Bobby Bradford @ 75

an Appreciation by
James Newton

Bobby Bradford + James Newton, 1977
Bobby Bradford + James Newton, 1977                                                                         Mark Weber©2009

How can one begin to assess the numerous contributions of a great cornetist/trumpeter/composer/bandleader/educator? How can one also adequately offer a testament for an artist who is such a high quality human being and who profoundly touches so many lives?

Those of us who have been blessed to know Bobby Bradford for a number of years can attest to a probing, powerful intellect that assimilates the history of Jazz in a highly unique manner, drawing conclusions that are as innovative and provocative as one of his solos. His understanding of the history, coupled with his embracing of Jazz’s mandate for innovation, reveals itself in his teaching, playing and composing. I have profoundly admired his brilliant mind, up-tempo wit and his usual location of being two or three steps ahead of everyone else.  Like Lester Bowie, he has achieved an individualistic incorporation of Louis Armstrong’s musical language and has placed that influence within the context of modern Jazz’s avant-garde movements. Like Sonny Rollins, J.S. Bach and Ornette Coleman, Bradford has a strong penchant for using musical sequences in both his compositional and improvisational languages. Also like Sonny Rollins, Bradford has a remarkable gift of musical memory. These gifts along with a boundless imagination have consistently enabled Bradford to deftly organize his improvisations. I am consistently stunned by the exquisite musical architecture instantaneously created in his solos. These improvisational edifices give room for his listening audiences to roam within them – exploring and discovering something new about him and themselves. Bradford’s rhythmical language is extremely diverse and his lyrical leanings give many of his solos an emotional depth that only the best practitioners in the music achieve. Bradford is Bradford - coming out of Louis Armstrong, Thelonious Monk, Fats Navarro, Charles Parker, Dizzy Gillespie, Lester Young - yet still Bradford.

One crucial aspect of Los Angeles’ musical scene, from Bop to Free Jazz, was that one had to find his or her individual sound. It is impossible to confuse one note of Bobby Bradford with that of any other trumpeter or cornetist. His sound uses a smidgen of air, sometimes in a fashion similar to Ben Webster or Paul Gonsalves’ use of air, as an expressive part of the sub-tone sound. Bradford’s timbral specificity within his language (not the one sound fits all ideas approach) adds a vocal quality to his playing that exudes emotional sensitivity not often found within the context of new music.

Just as Horace Tapscott was during his lifetime, Bobby Bradford is an important musical and personal mentor for many in the Los Angeles basin. To this day his Mo’Tet ensembles continue to help to develop many younger and mature musicians. I first met Bobby Bradford in 1973 in Claremont, California while he was playing in Stanley Crouch’s group, “Black Music Infinity.” The front line of Black Music Infinity consisted of Bradford and alto/soprano-saxophonist Black Arthur Blythe. It was amazing to hear the two of them together. Looking back, I am convinced that it is still one of the most effective front lines that I have ever heard. Eventually the ensemble expanded, adding David Murray, trumpeter Walter Lowe, Mark Dresser and me. Bradford’s influence on all of us younger members of the ensemble was immense. He treated each of us as if we were his equal, although we were struggling mightily, trying to come to grips with the distance between what we were able to articulate and the precious gold that poured out of Bradford’s cornet and Blythe’s alto sax. I can clearly see his (and Arthur Blythe’s) imprint on all of us.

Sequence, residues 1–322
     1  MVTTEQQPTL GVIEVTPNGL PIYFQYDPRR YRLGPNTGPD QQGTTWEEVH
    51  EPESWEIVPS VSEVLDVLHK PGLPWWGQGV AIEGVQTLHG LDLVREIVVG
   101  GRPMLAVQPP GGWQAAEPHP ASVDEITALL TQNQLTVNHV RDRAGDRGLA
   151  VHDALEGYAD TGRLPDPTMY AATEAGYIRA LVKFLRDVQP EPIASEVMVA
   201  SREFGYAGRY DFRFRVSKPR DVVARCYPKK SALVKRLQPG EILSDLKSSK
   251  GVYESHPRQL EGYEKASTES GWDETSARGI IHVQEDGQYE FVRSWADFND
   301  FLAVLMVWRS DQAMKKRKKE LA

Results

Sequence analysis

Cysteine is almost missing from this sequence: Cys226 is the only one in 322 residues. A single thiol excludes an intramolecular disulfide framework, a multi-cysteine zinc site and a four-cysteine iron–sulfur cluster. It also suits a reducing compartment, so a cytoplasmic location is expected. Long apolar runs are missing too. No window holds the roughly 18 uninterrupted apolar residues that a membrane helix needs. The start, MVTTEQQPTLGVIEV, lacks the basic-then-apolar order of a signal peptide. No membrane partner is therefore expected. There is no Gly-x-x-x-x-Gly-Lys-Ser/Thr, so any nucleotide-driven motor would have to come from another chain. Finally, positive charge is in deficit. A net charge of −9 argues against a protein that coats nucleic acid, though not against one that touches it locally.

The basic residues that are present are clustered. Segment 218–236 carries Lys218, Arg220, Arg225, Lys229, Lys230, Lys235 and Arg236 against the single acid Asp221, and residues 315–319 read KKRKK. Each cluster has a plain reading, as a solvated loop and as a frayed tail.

A few years later when Bradford opened up The Little Big Horn it became the place for the avant-garde community in the Los Angeles area. The grim realities of segregation that characterized much of the Los Angeles musical scene were left outside of Little Big Horn’s doors. For the most part, it had a feeling of hope and determination. It was clear that Bradford was highly respected in numerous communities and that this high standing was a force that united many. Bradford’s openness gave musicians and listeners a freedom that was rarely found in Los Angeles’ performing establishments. John Carter, William Jeffrey, Roberto Miranda, Vinny Golia, Mark Dresser, Tylon Barea, Diamanda Galas, Charles Owens, Alex and Nels Cline, Allan Iwohara, Azar Lawrence, Wayne Peet and many others were able to explore all that they artistically had to offer.

To discuss Bobby Bradford one must also reverentially look to clarinetist/composer John Carter. Bobby Bradford and John Carter performed exquisitely together for decades. They were very close friends, although musically they had very different personalities. When they came together to perform, their Texas roots emerged, both of them being masters of the Blues and Texas-Bop Traditions. The blues was an undercurrent in much of their music. Added to the Texas roots was a powerful focus on producing something new and fresh in every performance. John Carter called it “futuring”. Their groups were the example of how an ensemble can create in a way that the whole greatly exceeds the sum of the individual parts. Thank God for “futuring.” Thank God for Bobby Bradford. Happy seventy-fifth birthday Maestro Bradford! May many more birthdays come your way!

James Newton©2009

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